You’ll understand the important and relevant security topics for the Security+ exam, without being overloaded with unnecessary details. Additionally, each chapter includes a comprehensive review section to help you focus on what’s important.


Click for Free Preview


Over 400 realistic practice test questions with in-depth explanations will help you test your comprehension and readiness for the exam. The book includes:

  • A 100 question pre-test
  • A 100 question post-test
  • Practice test questions at the end of every chapter.

Each practice test question includes a detailed explanation to help you understand the content and the reasoning behind the question. You’ll be ready to take and pass the exam the first time you take it.

If you plan to pursue any of the advanced security certifications, this guide will also help you lay a solid foundation of security knowledge. Learn this material, and you’ll be a step ahead for other exams. This SY0-401 study guide is for any IT or security professional interested in advancing in their field, and a must read for anyone striving to master the basics of IT security.

Kindle edition also available.

Counterattacks

An active response IDS would rarely perform a counterattack against the attacker. Some network security professionals specialize in attacks or counterattacks, but regular administrators should avoid them.

Consider basic human nature. If one person bumps into another in a crowd, the second person could simply ignore it or give a smile and a nod indicating “no problem,” and the event is over. On the other hand, if the response is an aggressive push accompanied by some loud words, the event escalates. It can turn ugly quickly. Now, compare this to some basic facts about attackers today:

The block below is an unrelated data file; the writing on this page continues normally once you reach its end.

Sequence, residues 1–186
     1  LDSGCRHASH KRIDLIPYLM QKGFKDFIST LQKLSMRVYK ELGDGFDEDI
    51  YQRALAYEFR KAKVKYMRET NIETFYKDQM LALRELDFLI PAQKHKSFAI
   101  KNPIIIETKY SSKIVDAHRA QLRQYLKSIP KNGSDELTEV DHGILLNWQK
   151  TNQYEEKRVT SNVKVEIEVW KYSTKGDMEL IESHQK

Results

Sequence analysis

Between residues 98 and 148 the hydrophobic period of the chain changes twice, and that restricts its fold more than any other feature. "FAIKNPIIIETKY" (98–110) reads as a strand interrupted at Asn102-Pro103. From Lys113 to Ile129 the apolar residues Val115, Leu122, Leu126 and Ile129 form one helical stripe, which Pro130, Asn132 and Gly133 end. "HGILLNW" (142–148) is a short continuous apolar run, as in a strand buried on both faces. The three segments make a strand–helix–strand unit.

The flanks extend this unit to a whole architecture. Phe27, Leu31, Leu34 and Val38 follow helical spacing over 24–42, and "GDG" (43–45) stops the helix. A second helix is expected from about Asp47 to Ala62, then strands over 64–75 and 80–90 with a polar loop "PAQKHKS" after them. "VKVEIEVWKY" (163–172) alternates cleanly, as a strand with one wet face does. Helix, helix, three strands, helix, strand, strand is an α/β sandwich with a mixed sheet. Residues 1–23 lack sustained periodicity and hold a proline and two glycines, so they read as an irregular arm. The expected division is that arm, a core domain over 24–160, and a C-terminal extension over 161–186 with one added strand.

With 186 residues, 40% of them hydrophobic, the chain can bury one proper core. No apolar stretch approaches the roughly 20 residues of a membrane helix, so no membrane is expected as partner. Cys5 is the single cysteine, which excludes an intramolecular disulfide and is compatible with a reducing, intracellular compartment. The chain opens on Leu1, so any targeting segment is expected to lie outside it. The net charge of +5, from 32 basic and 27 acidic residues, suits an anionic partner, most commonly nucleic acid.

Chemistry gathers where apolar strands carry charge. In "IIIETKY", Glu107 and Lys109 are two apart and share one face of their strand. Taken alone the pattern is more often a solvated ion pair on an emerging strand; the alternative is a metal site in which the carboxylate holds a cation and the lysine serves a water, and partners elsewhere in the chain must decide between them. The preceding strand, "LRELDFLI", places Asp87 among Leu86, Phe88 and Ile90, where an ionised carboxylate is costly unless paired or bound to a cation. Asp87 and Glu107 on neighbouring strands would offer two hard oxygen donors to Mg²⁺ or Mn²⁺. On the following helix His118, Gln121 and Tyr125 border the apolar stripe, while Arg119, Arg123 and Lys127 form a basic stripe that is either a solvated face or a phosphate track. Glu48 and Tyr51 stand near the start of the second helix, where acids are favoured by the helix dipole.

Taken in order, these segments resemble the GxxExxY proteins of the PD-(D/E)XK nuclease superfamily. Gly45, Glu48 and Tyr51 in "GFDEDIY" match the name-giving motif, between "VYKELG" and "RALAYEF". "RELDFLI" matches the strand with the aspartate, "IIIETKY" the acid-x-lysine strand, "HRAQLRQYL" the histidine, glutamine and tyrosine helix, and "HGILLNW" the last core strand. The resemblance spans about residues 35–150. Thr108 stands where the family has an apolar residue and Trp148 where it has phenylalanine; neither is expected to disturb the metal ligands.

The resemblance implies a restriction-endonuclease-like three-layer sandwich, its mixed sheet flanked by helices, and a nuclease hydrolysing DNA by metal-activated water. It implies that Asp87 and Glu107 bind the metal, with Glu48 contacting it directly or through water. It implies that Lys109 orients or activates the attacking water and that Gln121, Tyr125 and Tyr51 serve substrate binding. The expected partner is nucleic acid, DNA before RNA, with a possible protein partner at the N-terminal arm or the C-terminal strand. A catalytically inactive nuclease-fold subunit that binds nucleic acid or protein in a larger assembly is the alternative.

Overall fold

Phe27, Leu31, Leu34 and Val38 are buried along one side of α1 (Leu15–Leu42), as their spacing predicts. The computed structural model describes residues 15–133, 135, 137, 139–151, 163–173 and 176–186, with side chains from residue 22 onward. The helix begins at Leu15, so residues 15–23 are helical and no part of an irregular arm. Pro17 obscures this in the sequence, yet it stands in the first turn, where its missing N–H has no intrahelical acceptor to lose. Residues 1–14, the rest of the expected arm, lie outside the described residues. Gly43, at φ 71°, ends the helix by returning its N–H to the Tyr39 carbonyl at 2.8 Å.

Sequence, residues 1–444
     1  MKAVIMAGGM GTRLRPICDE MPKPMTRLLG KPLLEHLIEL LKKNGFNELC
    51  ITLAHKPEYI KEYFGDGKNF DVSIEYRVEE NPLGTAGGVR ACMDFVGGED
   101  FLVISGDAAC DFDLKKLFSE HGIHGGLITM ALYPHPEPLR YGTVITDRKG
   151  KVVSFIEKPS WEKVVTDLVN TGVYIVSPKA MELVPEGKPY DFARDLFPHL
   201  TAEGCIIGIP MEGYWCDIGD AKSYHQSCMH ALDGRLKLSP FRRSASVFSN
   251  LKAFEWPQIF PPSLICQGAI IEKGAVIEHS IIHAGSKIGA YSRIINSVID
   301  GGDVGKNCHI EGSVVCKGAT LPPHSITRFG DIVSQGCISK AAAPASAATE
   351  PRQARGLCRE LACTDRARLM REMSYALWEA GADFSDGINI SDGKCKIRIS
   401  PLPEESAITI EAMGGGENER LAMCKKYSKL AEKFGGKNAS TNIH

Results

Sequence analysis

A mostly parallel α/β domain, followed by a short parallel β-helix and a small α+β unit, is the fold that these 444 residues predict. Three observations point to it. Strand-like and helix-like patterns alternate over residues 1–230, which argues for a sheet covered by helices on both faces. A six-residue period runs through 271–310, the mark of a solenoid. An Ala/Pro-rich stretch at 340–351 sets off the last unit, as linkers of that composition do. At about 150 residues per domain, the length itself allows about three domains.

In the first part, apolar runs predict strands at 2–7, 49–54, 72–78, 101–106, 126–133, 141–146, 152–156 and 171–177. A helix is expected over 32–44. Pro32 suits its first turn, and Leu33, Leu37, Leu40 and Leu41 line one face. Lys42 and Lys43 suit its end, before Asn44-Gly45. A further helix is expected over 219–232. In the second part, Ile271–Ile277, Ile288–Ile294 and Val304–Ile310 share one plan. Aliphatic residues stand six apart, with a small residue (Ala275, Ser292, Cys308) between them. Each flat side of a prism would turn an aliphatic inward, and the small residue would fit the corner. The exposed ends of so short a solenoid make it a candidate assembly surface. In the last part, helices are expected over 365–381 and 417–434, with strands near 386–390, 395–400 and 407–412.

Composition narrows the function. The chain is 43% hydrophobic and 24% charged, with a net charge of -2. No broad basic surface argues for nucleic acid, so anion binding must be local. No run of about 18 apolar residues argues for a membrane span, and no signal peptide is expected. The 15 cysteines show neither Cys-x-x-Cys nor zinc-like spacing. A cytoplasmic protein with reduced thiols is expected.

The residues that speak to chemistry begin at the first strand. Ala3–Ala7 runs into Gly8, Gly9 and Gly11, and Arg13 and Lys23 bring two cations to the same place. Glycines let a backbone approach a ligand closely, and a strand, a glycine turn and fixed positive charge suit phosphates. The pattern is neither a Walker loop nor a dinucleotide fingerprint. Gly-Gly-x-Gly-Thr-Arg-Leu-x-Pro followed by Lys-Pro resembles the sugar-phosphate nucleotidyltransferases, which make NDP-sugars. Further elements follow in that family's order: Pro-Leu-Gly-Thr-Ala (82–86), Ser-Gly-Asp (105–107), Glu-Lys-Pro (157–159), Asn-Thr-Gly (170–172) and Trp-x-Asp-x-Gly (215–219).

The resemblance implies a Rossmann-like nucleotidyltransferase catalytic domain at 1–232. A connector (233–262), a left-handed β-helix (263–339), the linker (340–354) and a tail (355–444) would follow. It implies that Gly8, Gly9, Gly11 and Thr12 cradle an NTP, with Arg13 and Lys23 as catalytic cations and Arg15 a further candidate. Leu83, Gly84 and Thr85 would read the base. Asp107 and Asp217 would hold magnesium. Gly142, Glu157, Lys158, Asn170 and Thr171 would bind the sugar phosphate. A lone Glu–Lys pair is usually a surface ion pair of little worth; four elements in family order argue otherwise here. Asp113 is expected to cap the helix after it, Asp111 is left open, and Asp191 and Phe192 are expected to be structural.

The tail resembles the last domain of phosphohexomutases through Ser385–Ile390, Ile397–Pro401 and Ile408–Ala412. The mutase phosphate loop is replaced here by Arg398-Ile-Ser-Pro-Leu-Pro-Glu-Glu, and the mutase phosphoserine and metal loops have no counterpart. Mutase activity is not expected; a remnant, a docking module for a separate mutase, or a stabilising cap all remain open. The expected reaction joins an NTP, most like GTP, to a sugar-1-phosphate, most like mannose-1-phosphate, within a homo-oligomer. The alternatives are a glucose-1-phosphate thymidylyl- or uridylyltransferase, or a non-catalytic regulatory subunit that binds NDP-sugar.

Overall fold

• Attackers are dedicated. Attackers aren’t just bored teenagers passing their time away like Matthew Broderick in the movie War Games. Most attackers today are dedicated criminals working in a semiskilled profession. This is similar to a seasoned car thief with specific skills to break into and steal cars. They are often very good at what they do. Attackers’ skills steadily increase, and their tools are becoming more and more sophisticated.
  • Attackers have unlimited time. Attackers usually have the luxury of spending 100 percent of their time on attack strategies and methodologies. Compare this with network administrators, who have a host of other duties and rarely can spend 100 percent of their time on security.

Many administrators certainly have the expertise to investigate an attack, trace an IP address back, and launch a counterattack. However, just because you can doesn’t mean you should. The attacker will likely detect the counterattack and escalate the attack. Instead of moving on from your network, the attacker might take your attack personally and consider it a lifelong mission to cripple your network.